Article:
This document explains how the Cisco Data-over-Cable Service Interface Specifications (DOCSIS) Customer Premises Equipment (CPE) Configurator handles shared-secret keys.
Cable shared-secret is one mechanism that can be used to reduce theft of service by non-subscribers. It works by using a single shared-secret key configured in both the Cable Modem Termination System (CMTS) and the DOCSIS config file that is sent down to cable modems prior to them coming online. If this feature is configured, the cable modem cannot complete registration to the CMTS without the key.
The first step in troubleshooting installations with cable shared-secret (particularly new installations) involves visually verifying that the cable shared-secret configured on the CMTS matches the one in the DOCSIS configuration file.
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The reader must have basic understanding of DOCSIS.
This command first appeared in Cisco IOS® Software Release 11.3 XA.
To visually verify the cable shared-secret on the CMTS, check the configuration with the show run command, as shown in this example.
Router#show running-config interface Cable3/0
ip address 10.1.1.1 255.255.255.0
cable shared-secret SECRET-PASSWORD-TO-SHARE
cable map-advance static
cable downstream annex B
cable downstream modulation 64qam
cable downstream interleave-depth 32
cable downstream frequency 583250000
cable upstream 0 frequency 28000000
cable upstream 0 power-level 0
no cable upstream 0 shutdown
cable dhcp-giaddr policy
cable helper-address 192.168.101.3
When the Cisco DOCSIS CPE Configurator is used to open and view the DOCSIS config file in question, however, the cable shared-secret (called CMTS Authentication by the Configurator) does not appear, as shown in this graphic.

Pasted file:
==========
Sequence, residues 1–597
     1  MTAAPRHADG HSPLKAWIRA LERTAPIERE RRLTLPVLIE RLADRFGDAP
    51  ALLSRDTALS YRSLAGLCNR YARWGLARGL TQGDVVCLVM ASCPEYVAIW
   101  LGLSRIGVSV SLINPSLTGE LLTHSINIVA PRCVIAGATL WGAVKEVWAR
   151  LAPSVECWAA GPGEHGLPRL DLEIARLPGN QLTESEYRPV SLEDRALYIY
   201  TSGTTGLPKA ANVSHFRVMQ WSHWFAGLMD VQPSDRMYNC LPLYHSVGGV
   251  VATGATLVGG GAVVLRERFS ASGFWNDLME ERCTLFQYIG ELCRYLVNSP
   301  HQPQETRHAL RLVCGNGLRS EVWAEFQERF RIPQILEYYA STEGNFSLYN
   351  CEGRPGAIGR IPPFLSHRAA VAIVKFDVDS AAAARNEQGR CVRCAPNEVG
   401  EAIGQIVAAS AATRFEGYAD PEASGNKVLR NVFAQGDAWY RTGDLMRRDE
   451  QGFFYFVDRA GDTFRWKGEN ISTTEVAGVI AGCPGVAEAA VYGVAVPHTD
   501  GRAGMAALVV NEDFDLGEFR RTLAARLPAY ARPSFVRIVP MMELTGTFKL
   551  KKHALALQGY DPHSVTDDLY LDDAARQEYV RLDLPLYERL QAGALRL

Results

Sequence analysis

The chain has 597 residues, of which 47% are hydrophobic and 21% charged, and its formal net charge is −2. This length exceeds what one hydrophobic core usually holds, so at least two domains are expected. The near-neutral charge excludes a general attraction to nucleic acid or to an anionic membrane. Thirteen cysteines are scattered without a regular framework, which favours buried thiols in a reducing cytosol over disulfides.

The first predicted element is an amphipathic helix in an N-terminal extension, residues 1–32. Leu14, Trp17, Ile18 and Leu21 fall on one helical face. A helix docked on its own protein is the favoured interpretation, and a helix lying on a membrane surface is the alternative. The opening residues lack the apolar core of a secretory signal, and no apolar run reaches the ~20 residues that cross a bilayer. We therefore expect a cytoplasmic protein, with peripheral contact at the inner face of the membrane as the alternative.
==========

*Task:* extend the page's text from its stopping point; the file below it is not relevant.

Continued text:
By design, the Cisco DOCSIS CPE Configurator does not display the value of the CMTS Authentication field when a file is opened (for security purposes). When a new file is created or an existing one is updated to include the CMTS Authentication feature, however, the value can be seen as long as that Configurator session is open and active. Once the Configurator session on a given file ends (Configurator is closed or a different file opened), the CMTS Authentication value cannot be seen again.
Note: Use caution when you overwrite existing files with the Cisco DOCSIS CPE Configurator. The CMTS Authentication value can be corrupted by overwriting an existing file. When possible, add CMTS Authentication to an existing file, then save to a new filename. When reuse of the same filename is required, save the updated file to a different filename and end the Configurator session (exit the Configurator or open a new file). You can issue command-line interface (CLI) commands or use GUI tools to change the filename to the desired, pre-existing one. In DOS, use the rename or copy commands; in UNIX, use the mv command; or inWindows Explorer, right-click the file and choose Rename.